# Two sample Z-test for Proportions: Formula & Examples In statistics, a two-sample z-test for proportions is a method used to determine whether two samples are drawn from the same population. This test is used when the population proportion is unknown and there is not enough information to use the chi-squared distribution. The test uses the standard normal distribution to calculate the test statistic. As data scientists, it is important to know how to conduct this test in order to determine whether two proportions are equal. In this blog post, we will discuss the formula and examples of the two-proportion Z-test.

## What is two proportion Z-test?

A two-proportion Z-test is a statistical hypothesis test used to determine whether two proportions are different from each other. While performing the test, Z-statistics is computed from two independent samples and the null hypothesis is that the two proportions are equal. In other words, the two samples are coming from the same population. In order to be able to use the two-sample z-test, the following conditions must be met:

• The two populations must be normal or approximately normal
• The two samples must be randomly sampled from the two populations
• The two proportions must be independent

If any of the above conditions are not met, the two-sample z-test cannot be used and another test must be selected. The two-sample z-test is advantageous because it does not require any knowledge of the population standard deviation.

There are two steps in conducting a two-sample z-test for proportions.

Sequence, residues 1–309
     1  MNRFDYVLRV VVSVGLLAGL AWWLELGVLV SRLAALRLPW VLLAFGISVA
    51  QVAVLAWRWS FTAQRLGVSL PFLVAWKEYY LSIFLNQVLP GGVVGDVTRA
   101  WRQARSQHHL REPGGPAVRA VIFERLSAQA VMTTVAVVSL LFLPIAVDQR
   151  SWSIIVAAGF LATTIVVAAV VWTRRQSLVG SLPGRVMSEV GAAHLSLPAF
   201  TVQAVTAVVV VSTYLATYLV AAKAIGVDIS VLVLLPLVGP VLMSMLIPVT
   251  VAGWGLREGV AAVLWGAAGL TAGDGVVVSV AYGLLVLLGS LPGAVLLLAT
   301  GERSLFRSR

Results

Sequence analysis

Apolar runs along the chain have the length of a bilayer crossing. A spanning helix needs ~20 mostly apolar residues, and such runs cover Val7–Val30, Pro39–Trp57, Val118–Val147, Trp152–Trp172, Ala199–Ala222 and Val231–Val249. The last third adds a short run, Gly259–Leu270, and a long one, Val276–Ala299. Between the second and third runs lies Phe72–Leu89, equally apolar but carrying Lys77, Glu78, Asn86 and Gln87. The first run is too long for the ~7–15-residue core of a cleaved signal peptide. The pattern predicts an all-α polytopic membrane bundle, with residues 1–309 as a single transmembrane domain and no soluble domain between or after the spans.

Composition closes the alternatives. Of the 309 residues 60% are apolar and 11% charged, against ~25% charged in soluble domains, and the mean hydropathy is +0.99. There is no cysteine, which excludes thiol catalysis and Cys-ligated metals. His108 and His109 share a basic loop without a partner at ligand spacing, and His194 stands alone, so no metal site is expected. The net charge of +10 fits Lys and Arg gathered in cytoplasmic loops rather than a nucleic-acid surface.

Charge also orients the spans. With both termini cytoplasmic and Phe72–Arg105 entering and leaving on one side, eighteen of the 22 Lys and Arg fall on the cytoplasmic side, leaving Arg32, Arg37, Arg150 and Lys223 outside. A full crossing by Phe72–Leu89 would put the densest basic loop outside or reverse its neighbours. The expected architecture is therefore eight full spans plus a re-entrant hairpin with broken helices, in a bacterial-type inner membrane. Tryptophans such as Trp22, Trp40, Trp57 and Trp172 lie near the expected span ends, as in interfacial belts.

• The first step is to calculate the standard error of the difference between the two population proportions.
• The second step is to calculate the z-test statistic. This is done by taking the difference between the two population proportions and dividing it by the standard error of the difference.

Once the z-test statistic is calculated, the Z-table can be used to determine whether the two population proportions are different. If the z-statistic is greater than or equal to the critical value or level of significance, then it can be concluded that there is enough evidence that there exists a difference between the two population proportions. And, the null hypothesis can thus be rejected.

Here are some real-world examples where two proportions Z-test can be used:

• Effectiveness of medicines: In a study, two different groups of people are given the same medicine. The proportion of people in each group who get better is measured. A two-proportion Z-test can be used to see if the proportions are different (i.e. one group might have a higher success rate than the other).
• Election results: In an election, two different political parties are running. The number of people who voted for each party is measured. A two-proportion Z-test can be used to see if the proportions are different (i.e. one party might have more support than the other).
• Customer purchase behavior: In a study, two different groups of customers are observed. The proportion of customers in each group who buy something is measured. A two-proportion Z-test can be used to see if the proportions are different (i.e. one group might be more likely to buy than the other).
• Customer survey result: A company sends out customer surveys to customers from two different regions. The proportion of people who respond from each region is measured. A two-proportion Z-test can be used to see if the proportions are different (i.e. one region might have more positive response than the other).